Later on and a world apart…… it’s back to Osaka by Shinkansen!

Journal

Kookmin University’s Glass Program, Seoul, Korea

Kookmin University’s Graduate Glass Program is vibrant and active. Program Head Ki-Ra Kim one of Korea’s best and brightest educators is working with some of Korea’s most talented and experienced artists to educate the next generation of Korea’s artists working with glass. Kookmin instructors include Joon Yong Kim, Hyewook Huh, Kyou Hong Lee, Hag-Ju Lee, Sunho Lee, and Jung Sun Oh.

Korean Glass is on the rise!

Former Graduate Students include Kyoung Ryoung Kim, Dong Sun Kim, Myong Ho Kim, Seon Min Park, Jung-hun Yoon, Jiin Kim, JoonHo Hwang.

Currently Graduate Students are Seung Hee Jung and, Won Hee Cho.

The following is a visual introduction to the program.

Ki-Ra Kim

K Hyewook Huh

Joon-Yong Kim

Hagju-Lee

Kyou Hong Lee

Sunho Lee

Former Graduate Students at Kookmin University.

Dongsun Kim

Jiin Kim

Junghyun Yoon

Kyoungryoung Kim

Myongho Kim

Seounmin Park

Current Graduate Student at Kookmin U.

Seung Hee Jung

TAMA Art University Graduate Student’s Work

Here is an introduction to graduate student’s work from TAMA Art University in Tokyo. Tama has long been at the forefront of Japanese glass art education. Makato Ito, Japanese glass pioneer has headed the program for many years along with Kazumi Ikemoto who will be the next program head. Other noted faculty are Yoshihiko Takahashi and Michiko Miyake.

I must note here that Makoto Ito will retire this year from teaching at Tama! A milestone not only for him but for all of studio glass!

Recently I was invited to lecture and participate in a critique at Tama. I must say that to critique graduate student’s work with Makoto Ito was a great honor and a distinctly memorable experience for me. The following are works from Tama’s first and second year graduate students. The first two students are first year students and the rest second year students currently working towards thesis exhibitions.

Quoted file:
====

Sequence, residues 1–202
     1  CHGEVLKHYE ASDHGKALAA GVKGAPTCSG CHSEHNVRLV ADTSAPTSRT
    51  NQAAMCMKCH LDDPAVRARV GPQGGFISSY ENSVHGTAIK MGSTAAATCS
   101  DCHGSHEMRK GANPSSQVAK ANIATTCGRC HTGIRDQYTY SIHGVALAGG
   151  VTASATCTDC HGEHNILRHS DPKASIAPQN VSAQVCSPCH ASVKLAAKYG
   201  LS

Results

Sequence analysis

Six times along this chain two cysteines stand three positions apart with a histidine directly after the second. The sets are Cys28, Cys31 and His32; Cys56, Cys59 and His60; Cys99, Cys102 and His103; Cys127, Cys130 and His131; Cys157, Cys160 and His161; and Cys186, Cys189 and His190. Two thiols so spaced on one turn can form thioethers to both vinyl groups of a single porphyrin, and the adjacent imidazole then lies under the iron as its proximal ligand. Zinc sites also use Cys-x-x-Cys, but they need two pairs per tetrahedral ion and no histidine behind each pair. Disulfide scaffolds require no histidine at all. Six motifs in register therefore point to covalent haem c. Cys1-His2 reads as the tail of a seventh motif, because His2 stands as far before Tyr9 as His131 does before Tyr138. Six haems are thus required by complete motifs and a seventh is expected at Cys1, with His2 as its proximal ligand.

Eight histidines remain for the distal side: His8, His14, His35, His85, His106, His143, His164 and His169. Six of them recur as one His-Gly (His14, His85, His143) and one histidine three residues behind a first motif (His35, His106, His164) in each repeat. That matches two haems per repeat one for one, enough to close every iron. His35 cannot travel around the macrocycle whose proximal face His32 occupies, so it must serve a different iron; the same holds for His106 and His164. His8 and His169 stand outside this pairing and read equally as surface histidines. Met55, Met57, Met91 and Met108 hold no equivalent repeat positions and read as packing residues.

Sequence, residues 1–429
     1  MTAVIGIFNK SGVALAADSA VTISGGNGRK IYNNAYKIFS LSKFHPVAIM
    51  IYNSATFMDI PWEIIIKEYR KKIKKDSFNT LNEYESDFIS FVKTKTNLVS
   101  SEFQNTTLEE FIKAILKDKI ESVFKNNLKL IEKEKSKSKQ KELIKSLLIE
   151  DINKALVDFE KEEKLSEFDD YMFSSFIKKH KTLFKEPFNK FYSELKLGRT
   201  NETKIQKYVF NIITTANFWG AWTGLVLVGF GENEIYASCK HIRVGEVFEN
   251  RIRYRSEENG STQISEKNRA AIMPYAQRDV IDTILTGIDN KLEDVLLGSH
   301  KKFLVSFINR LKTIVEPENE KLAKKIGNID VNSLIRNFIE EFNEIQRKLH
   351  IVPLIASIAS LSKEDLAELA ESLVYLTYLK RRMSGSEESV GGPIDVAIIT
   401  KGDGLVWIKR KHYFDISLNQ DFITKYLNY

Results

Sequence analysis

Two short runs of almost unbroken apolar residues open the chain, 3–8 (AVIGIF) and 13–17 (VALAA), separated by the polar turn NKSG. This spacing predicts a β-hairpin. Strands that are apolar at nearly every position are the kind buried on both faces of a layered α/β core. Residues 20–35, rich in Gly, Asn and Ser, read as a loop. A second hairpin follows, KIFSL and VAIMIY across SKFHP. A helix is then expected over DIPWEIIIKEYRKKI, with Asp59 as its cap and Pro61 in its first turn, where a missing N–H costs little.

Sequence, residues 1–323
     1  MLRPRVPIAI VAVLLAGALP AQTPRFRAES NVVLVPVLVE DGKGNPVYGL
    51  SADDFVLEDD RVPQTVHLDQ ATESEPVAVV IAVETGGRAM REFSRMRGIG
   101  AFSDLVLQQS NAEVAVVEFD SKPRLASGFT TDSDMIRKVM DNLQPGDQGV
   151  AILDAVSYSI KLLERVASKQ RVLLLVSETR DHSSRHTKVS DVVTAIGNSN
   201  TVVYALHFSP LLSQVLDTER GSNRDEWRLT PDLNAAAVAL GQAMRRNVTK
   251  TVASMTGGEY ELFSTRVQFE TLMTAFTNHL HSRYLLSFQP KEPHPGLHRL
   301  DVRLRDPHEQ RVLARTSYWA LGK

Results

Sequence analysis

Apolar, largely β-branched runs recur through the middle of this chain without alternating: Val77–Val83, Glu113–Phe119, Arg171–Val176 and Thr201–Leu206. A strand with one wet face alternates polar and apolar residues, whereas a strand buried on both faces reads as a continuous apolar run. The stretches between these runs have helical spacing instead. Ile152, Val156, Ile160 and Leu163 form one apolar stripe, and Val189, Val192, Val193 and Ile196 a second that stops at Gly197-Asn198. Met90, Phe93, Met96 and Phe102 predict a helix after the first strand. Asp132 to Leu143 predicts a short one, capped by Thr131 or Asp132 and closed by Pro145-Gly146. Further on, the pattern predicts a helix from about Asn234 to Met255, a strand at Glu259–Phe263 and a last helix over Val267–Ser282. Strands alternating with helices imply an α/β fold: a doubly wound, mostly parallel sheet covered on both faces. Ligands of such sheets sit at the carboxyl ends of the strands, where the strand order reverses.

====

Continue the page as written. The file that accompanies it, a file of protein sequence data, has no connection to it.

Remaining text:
Moe Hatanaka

Syogo Nakagawa

Hiroko Fujino

Kojima Natsumi

Sakiko Tsugawa

Akemi Kurita

Megumi Yoshida

Yasuhiko Tsuchida visits OUA from Venice

Yasuhiko Tsuchida is visiting Osaka University of Art from his home and studio in Venice, Italy. He is working on a large fused glass panel work with the help of OUA Faculty, Staff and Graduate Students. After fusing Tuschida will laminate the fused glass panels to a large sheet of plate glass for an architectural installation. 

Tsuchida was born in Tennoji not far from the university. He has lived in Venice for the past 20 years where he maintains a studio for not only glass but also painting and multimedia. He will lecture tomorrow on his work and professional practices in Europe.

Here is documentation of his project.

Field Journal, Japan

Agricultural processes have always interested me. Such processes appear to me as seasonal rituals that sustain us as human beings. These processes bring us literally down to earth. The visual effects of plantings and harvests while connected logically with efficiency and production often result in what seems to me chance compositions. Often as not the visual effects are enhanced or thought out in such a way as to be visually pleasing and in harmony with the surroundings. I use similar strategies when thinking about installations or objects in relationship to each other in space, interior or exterior. I consider the following images “found compositions” or selected sketches for future projects. No matter where I traveled over the past 30 years I’ve taken such photos. I’m also interested in seasonal harvests and festivals as related to comparative mythology and religion. Works of mine like “The Keeper’s Lament”, “Offering” and “Neruda” are visually based and metaphorically connected to the idea of harvest and our connection with nature.




Osaka University of Art Faculty and Staff